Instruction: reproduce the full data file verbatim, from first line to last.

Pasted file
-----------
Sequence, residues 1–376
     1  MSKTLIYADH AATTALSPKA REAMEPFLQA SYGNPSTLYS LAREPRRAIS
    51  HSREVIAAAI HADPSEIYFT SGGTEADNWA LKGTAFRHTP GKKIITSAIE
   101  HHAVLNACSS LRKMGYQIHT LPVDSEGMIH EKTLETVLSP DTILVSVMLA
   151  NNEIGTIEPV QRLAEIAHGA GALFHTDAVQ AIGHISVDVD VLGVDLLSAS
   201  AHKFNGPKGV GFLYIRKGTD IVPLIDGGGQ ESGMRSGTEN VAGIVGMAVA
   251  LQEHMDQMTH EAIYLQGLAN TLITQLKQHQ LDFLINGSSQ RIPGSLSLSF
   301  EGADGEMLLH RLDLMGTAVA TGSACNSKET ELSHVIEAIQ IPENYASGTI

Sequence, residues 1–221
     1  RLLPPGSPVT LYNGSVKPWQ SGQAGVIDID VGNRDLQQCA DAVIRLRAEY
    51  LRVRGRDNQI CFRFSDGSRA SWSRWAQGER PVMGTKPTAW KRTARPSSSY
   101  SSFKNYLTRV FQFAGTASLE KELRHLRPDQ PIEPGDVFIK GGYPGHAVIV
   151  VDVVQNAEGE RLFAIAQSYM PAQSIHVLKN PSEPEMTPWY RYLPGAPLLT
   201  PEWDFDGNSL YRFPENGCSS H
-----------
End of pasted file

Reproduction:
Sequence, residues 1–376
     1  MSKTLIYADH AATTALSPKA REAMEPFLQA SYGNPSTLYS LAREPRRAIS
    51  HSREVIAAAI HADPSEIYFT SGGTEADNWA LKGTAFRHTP GKKIITSAIE
   101  HHAVLNACSS LRKMGYQIHT LPVDSEGMIH EKTLETVLSP DTILVSVMLA
   151  NNEIGTIEPV QRLAEIAHGA GALFHTDAVQ AIGHISVDVD VLGVDLLSAS
   201  AHKFNGPKGV GFLYIRKGTD IVPLIDGGGQ ESGMRSGTEN VAGIVGMAVA
   251  LQEHMDQMTH EAIYLQGLAN TLITQLKQHQ LDFLINGSSQ RIPGSLSLSF
   301  EGADGEMLLH RLDLMGTAVA TGSACNSKET ELSHVIEAIQ IPENYASGTI

Sequence, residues 1–221
     1  RLLPPGSPVT LYNGSVKPWQ SGQAGVIDID VGNRDLQQCA DAVIRLRAEY
    51  LRVRGRDNQI CFRFSDGSRA SWSRWAQGER PVMGTKPTAW KRTARPSSSY
   101  SSFKNYLTRV FQFAGTASLE KELRHLRPDQ PIEPGDVFIK GGYPGHAVIV
   151  VDVVQNAEGE RLFAIAQSYM PAQSIHVLKN PSEPEMTPWY RYLPGAPLLT
   201  PEWDFDGNSL YRFPENGCSS H